Alcaraz Toughs Out Struff For Repeat Madrid Masters Title

by Staff | May 7th, 2023, 10:06 pm
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Carlos Alcaraz did it again. The young phenom overcame a gallant effort by lucky loser Jan-Lennard Struff to win a second straight Madrid Masters title 6-4, 3-6, 6-3.

“For me it is so, so special,” Alcaraz said. “To lift the trophy here in Madrid. In my country. It is always special to play and to be able to do a good result here and [being] a champion is so special. In front of my home crowd, my family, my friends. Everyone close to me. For me it is a special feeling that I will never forget.”

The 33-year-old Struff made a match of it after dropping a first. The German, playing serve/volley and aggressive tennis on the dirt, broke early and got up 3-0, then held off break points to force a decider.

After saving a break point, Alcaraz would break for 2-1 and ease to the win as Struff just couldn’t keep it going against the weight and shotmaking from the Spaniard.

“It was a really tough match,” he added. “Jan was playing great, really aggressive. In the second set I had a lot of chances to break his serve and I didn’t take it and it was tough for me to lose it. I told myself that I had to be positive all the time and that I would have my chances and I think I did it in the third set.”

Alcaraz improves to 4-0 in Masters final and 20-year-old wins his 10th career title, fourth of 2023 and he’s taking his last 21 matches.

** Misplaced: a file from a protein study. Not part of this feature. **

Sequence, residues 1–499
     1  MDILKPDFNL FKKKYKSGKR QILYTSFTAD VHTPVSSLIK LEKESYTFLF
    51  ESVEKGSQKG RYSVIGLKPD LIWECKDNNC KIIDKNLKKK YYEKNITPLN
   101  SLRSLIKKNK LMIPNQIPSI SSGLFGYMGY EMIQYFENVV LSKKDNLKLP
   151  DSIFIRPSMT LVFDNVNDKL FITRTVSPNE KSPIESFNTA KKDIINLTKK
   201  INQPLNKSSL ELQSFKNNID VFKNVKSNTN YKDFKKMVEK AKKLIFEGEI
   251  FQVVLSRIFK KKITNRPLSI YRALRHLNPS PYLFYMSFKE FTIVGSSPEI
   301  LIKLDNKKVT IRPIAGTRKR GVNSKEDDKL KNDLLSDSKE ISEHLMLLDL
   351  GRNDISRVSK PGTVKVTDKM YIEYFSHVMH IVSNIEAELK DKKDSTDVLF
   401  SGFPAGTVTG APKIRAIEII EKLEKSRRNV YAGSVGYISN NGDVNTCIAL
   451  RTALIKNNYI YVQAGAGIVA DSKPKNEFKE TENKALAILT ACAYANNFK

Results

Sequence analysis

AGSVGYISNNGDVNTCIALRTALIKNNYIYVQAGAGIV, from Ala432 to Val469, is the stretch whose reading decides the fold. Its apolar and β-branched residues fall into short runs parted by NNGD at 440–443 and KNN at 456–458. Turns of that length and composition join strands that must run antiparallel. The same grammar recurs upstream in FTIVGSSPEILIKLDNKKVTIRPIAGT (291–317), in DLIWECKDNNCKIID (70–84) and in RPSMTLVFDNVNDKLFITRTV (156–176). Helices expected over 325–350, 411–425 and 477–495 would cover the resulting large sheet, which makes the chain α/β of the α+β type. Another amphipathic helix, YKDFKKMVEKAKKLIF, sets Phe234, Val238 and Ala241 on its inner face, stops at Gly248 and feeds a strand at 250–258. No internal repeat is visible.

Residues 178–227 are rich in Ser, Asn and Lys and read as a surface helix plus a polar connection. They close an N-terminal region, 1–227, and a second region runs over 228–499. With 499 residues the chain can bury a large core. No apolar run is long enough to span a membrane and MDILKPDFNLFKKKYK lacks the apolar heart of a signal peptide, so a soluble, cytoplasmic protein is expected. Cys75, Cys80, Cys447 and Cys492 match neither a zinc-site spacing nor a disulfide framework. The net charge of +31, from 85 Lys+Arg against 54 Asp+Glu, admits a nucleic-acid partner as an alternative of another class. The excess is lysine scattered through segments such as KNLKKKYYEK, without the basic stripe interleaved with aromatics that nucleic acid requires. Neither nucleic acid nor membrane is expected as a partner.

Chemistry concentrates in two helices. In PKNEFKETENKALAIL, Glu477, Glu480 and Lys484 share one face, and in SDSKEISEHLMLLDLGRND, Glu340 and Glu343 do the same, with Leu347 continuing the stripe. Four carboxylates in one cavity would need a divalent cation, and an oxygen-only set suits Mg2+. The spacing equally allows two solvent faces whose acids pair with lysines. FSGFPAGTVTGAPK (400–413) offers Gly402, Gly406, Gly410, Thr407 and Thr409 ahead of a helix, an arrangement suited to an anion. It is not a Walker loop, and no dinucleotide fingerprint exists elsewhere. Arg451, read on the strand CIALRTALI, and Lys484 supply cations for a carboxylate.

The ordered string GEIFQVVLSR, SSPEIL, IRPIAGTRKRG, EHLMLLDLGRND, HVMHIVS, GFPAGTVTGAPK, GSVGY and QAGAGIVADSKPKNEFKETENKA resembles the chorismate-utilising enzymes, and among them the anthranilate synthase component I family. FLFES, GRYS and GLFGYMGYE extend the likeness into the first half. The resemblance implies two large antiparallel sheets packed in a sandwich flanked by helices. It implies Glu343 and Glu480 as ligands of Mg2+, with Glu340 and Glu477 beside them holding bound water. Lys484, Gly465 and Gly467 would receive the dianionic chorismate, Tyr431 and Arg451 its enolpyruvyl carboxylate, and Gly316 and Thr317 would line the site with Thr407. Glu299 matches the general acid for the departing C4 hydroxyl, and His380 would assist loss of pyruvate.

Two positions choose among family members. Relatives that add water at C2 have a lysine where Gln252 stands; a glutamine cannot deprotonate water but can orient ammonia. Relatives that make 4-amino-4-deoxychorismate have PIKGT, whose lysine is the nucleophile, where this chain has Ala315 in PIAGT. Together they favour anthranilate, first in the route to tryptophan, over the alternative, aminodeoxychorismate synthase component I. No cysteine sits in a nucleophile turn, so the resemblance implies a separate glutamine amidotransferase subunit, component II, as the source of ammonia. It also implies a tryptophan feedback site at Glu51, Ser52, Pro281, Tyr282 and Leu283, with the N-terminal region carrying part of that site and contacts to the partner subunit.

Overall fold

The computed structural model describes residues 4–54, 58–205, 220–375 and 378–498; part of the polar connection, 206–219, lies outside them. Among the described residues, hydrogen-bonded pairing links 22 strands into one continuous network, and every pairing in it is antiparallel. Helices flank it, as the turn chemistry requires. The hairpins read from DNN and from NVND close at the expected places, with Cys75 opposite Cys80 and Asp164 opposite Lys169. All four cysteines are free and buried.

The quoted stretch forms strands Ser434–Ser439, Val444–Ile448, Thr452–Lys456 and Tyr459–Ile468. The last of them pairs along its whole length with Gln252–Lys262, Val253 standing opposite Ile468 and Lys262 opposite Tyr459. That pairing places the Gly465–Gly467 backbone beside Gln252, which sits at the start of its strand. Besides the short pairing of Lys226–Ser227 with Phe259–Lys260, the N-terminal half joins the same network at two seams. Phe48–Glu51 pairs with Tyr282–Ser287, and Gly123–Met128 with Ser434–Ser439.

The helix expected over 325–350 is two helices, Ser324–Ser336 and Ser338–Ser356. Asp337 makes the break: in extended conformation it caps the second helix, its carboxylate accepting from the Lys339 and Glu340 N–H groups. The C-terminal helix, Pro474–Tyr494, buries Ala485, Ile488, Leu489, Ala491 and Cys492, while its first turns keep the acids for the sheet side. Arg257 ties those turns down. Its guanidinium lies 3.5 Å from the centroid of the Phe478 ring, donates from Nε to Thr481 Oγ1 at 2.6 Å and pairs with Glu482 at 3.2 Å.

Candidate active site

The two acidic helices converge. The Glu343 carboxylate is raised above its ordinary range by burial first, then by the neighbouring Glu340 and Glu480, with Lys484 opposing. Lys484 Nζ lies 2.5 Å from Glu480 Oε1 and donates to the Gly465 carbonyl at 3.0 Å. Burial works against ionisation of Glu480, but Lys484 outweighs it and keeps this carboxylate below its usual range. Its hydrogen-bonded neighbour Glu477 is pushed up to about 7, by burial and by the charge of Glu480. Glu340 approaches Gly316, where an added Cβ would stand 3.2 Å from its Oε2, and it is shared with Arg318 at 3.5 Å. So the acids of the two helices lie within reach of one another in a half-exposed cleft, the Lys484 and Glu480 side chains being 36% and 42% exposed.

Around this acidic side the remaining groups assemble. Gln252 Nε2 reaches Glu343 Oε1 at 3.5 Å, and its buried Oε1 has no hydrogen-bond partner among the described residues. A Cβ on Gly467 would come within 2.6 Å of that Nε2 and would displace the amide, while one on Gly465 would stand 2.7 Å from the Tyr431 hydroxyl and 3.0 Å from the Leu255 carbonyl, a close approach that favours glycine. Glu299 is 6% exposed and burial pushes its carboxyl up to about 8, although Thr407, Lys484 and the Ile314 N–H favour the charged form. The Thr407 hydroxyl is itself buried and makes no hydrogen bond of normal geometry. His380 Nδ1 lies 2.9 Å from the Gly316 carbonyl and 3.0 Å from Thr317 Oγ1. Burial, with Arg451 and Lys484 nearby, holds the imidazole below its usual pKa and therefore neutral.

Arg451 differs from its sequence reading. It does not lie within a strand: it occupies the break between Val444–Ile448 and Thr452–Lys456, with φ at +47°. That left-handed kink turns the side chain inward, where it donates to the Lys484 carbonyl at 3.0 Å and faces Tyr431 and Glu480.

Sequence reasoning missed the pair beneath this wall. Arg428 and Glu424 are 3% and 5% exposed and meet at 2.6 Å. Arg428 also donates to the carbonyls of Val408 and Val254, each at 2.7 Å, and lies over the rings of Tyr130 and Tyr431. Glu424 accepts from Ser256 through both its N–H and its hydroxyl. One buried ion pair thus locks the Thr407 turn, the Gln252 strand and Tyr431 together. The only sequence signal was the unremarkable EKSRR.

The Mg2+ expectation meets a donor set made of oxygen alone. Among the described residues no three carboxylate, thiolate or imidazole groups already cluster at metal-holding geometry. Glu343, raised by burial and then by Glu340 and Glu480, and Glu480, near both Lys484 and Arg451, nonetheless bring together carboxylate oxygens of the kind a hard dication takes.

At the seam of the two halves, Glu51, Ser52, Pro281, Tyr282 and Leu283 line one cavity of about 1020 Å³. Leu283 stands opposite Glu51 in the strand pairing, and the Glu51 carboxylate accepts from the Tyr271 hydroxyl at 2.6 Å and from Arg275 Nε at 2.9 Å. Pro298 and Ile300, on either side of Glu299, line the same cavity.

Struff will jump from No. 65 to a likely French Open seeding and a 28 ranking.

“It’s been an incredible journey from lucky loser to be in the final, runner-up here,” Struff said to the ATP. “I hope that it gives me a lot of push for in the next weeks and months. It was a best-career achievement so far.”

“Of course I wanted to go all the way to win today, but I would definitely say if someone told me two weeks ago you’re going to play the finals, I would take it,” he added. “I’m proud of the way I played. I am proud of the way I presented myself today.”

He drops to 1-2 against Alcaraz, though has won at least a set each time.

“If he’s playing, if he has so much time, he’s just too good,” Struff said. “He’s playing too well. And I tried to put a bit of pressure on him, tried to take a bit his time away and go for my shots, because he’s [physically better]. He’s very, very fast. He likes to rally. He like to play very aggressive.”

Alcaraz also completes the Spanish double for a second straight year. For now, he plans on playing in Rome. He’s won his last 11 matches.

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